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Tracing those who crafted great houses

High Sunderland, near Halifax, built in the 1620s

High Sunderland, near Halifax, built in the 1620s

There are many fine buildings in the Calder Valley, dating from the seventeenth century or earlier, which draw us to stop and admire them.

David Cant has spent many years studying these houses and using documentary evidence to uncover the stories of the groups of craftsmen who worked to design and construct them.

The large audience attending his talk to the Hebden Bridge Local History was fascinated by the way David has pieced together evidence from wills, inventories, estate records and day books to identify the local masons, joiners, plasterers and roofers working in our area so many years ago.

One investigative trail led from Bradley Hall (now part of a golf club) to Merton College Oxford where the same family of Halifax masons, the Ackroyds, were at work in the late sixteenth century.

The link was Sir Henry Savile, a local aristocrat who employed the masons on his Bradley Hall and Methley Hall homes.

The Ackroyds also built the old Heath School, where Sir Henry was a trustee.

As warden of Merton College Oxford, he was responsible for bringing to the city a group of Halifax masons, including the Ackroyds, breaking the restrictive stranglehold of the Oxford guilds.

As David illustrated, comparing the facades of the local buildings with that of the Oxford College is very illuminating.

It is far more elaborate and decorative than the more austere Halifax buildings, and it is clear that the patronage of Sir Henry Savile gave the masons access to ideas from the fashionable design books of the time and encouraged them to develop their skills.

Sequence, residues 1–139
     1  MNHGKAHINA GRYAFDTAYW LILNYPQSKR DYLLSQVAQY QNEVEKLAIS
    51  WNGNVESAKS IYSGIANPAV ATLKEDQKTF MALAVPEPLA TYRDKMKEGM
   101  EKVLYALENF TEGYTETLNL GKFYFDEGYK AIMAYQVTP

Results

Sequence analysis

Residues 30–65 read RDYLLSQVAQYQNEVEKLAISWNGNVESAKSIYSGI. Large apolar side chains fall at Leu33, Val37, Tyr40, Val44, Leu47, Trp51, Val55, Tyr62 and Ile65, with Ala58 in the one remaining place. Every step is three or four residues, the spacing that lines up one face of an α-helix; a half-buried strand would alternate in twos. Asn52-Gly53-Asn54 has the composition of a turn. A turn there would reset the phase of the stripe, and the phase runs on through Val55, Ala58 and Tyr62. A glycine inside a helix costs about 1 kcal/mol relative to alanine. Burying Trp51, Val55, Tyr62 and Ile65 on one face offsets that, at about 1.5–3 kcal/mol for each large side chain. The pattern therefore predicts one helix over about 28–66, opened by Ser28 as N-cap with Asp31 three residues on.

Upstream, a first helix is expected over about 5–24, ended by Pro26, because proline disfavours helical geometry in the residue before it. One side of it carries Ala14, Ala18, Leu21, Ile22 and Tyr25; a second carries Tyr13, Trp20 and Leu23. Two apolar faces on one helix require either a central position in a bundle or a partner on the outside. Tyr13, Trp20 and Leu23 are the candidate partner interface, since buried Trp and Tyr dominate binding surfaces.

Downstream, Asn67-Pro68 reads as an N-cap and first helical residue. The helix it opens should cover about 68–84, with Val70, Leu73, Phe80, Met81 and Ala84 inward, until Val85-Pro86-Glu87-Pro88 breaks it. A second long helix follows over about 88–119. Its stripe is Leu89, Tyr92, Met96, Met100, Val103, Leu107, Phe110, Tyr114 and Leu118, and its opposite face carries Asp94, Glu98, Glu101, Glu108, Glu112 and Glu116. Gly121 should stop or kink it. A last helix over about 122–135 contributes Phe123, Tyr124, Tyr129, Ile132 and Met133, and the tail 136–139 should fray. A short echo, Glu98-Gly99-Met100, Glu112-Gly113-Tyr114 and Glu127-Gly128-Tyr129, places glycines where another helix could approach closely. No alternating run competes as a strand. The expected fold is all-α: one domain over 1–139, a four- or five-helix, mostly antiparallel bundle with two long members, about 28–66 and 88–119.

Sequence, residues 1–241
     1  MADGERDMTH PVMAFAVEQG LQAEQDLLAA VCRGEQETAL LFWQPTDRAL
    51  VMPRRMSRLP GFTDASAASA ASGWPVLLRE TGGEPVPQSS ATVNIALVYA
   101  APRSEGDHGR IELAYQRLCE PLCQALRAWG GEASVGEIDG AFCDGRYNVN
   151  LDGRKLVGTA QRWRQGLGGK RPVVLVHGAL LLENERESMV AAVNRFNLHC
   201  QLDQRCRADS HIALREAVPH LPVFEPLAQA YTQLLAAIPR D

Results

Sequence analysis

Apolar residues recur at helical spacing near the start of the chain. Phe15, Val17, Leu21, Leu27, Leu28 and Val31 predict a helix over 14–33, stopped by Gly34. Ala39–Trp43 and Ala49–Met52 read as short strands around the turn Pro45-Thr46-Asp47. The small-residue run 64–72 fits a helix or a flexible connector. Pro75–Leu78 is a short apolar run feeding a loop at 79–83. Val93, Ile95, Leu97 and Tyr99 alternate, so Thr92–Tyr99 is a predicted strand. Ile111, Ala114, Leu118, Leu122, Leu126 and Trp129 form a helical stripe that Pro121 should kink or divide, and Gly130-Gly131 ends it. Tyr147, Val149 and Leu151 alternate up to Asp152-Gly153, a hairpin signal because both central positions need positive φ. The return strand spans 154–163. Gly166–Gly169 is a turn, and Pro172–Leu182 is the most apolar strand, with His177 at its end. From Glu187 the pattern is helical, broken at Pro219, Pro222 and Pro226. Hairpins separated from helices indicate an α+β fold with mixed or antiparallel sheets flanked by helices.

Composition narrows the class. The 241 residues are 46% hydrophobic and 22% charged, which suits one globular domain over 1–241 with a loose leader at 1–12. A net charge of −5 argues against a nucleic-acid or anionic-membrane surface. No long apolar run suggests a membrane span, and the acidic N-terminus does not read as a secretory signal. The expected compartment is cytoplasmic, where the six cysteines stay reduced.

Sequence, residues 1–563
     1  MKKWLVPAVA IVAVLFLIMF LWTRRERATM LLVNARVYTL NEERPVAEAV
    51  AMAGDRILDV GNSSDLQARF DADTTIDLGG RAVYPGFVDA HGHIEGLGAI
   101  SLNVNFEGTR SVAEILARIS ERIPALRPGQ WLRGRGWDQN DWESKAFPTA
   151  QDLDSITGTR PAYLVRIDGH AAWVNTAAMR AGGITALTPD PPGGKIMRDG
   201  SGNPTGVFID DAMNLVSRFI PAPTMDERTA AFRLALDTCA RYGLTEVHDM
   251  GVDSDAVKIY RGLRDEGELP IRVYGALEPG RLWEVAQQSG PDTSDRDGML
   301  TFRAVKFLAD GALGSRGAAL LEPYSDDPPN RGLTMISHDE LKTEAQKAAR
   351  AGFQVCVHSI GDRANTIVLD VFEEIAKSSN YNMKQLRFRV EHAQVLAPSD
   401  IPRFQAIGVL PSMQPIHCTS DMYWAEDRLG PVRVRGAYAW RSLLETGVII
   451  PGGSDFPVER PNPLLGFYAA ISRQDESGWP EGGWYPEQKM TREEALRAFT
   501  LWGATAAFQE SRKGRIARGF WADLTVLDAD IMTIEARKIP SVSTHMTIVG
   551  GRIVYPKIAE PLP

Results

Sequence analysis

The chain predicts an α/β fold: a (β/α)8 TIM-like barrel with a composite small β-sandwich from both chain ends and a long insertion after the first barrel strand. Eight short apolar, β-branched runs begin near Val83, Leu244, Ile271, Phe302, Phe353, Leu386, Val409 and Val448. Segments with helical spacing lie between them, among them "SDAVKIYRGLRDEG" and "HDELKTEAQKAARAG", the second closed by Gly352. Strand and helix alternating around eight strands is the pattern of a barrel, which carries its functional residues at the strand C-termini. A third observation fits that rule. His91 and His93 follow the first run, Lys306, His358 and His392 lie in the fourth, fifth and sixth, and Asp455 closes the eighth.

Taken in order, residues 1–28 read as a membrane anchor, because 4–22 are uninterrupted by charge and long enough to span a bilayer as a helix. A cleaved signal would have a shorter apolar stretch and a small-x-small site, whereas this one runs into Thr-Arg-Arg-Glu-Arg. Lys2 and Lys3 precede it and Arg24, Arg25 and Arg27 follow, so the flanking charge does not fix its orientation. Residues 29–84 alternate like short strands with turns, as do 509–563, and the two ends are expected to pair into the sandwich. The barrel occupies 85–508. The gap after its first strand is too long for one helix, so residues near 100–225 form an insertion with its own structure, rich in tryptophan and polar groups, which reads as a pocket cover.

These ideas they brought back to the Halifax area, so that buildings like High Sunderland built in the 1620s, sport similar stone ornamentation to that found on the Oxford college buildings.

Documents provide fascinating insights: Martin Ackroyd’s inventory, alongside his tools, lists his two apprentices as part of his goods.

Written agreements between client and craftsmen list the names and crafts involved; day books, and diaries such as those kept by preacher Oliver Heywood provide records of payments and details of alterations and other transactions with builders.

Most satisfying for a historian and enthusiast like David Cant is when the documentation can be linked to a building that still exists and the actual work that was carried out can be identified. His talk left the audience keen to go out and look for decorated mouldings and carved date stones with fresh eyes.

At the next meeting, on Wednesday, February 12, starting at 7.30pm at the Methodist Hall, Hebden Bridge, George Bowers will look at the history of quarrying and the delvers who risked their lives to get stone in our area.

All welcome. Details on www.hebdenbridgehistory.org.uk

 

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